The Bridge pattern divides a complex component into two separate but related inheritance hierarchies: the functional abstraction and the internal implementation. This makes it easier to change either aspect of the component so that the two can vary independently. The Bridge pattern is useful when there is a hierarchy of abstractions and a corresponding hierarchy of implementations. Rather than combining the abstractions and implementations into many distinct classes, the Bridge pattern implements the abstractions and implementations as independent classes that can be combined dynamically.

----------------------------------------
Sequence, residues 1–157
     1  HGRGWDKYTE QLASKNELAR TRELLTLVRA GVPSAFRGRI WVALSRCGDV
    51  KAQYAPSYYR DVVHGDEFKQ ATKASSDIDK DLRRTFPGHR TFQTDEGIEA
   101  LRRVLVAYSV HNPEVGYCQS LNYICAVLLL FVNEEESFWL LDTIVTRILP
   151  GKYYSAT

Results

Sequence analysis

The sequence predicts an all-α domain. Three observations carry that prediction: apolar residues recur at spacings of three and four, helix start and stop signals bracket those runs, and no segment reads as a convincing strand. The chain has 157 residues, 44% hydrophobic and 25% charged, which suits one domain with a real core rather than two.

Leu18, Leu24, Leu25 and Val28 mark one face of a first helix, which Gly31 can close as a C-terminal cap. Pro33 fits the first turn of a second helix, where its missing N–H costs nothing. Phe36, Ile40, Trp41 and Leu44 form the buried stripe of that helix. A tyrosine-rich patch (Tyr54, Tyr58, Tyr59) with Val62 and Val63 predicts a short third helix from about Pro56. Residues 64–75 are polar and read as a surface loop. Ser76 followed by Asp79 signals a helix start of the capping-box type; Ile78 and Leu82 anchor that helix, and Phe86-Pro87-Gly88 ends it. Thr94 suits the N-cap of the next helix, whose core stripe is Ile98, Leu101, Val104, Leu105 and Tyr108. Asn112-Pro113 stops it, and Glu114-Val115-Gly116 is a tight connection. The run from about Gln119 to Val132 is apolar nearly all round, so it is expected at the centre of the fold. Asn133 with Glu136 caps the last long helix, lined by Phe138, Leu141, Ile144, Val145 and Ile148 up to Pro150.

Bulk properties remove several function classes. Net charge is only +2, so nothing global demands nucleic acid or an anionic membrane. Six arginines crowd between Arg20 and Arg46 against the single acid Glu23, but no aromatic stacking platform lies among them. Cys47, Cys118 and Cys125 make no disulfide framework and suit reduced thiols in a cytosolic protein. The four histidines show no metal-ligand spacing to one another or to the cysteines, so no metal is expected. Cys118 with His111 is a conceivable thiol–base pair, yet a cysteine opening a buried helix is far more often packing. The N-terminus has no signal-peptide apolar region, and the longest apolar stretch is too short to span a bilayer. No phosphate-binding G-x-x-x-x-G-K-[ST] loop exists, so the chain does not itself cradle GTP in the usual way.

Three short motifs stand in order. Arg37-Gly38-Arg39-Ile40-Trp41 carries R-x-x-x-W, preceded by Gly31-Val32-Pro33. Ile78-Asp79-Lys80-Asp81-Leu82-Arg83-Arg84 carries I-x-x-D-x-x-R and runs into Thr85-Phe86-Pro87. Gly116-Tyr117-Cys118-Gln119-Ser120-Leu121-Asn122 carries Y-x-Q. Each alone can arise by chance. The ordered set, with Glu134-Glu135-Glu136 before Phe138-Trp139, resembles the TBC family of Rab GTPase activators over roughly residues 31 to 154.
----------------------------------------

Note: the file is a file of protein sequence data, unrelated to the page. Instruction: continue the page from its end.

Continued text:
The following lists the benefits of using the Bridge pattern:
- Enables you to separate the interface from the implementation improves extensibility
- Hides implementation details from clients
You should use the Bridge pattern when:
- You want to avoid a permanent binding between an abstraction and its implementation.
- Both the abstractions and their implementations should be extensible using subclasses.
- Changes in the implementation of an abstraction should have no impact on clients; that is, you should not have to recompile their code.